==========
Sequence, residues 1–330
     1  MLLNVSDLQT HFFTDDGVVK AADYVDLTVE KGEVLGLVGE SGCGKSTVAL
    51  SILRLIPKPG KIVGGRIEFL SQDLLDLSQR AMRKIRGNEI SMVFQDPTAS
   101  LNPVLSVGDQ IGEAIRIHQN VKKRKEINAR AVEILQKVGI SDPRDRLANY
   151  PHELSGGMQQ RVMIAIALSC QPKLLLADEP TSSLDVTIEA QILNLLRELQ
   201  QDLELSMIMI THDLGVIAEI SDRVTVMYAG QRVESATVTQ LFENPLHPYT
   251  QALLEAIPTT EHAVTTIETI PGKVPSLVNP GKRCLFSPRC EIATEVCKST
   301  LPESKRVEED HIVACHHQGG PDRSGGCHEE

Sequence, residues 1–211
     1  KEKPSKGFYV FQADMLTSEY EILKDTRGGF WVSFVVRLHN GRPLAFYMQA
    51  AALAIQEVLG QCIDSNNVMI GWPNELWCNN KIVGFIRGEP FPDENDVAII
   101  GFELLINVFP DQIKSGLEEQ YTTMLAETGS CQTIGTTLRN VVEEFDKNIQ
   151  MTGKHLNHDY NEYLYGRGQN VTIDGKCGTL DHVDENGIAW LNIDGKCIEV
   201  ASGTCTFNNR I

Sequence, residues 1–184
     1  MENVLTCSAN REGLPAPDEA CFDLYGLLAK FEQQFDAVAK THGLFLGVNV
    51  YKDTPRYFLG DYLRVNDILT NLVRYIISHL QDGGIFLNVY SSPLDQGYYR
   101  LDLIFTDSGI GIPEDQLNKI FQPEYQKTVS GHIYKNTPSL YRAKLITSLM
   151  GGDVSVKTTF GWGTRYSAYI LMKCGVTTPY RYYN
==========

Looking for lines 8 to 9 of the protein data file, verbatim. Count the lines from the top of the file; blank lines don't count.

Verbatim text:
   301  LPESKRVEED HIVACHHQGG PDRSGGCHEE

Sequence, residues 1–211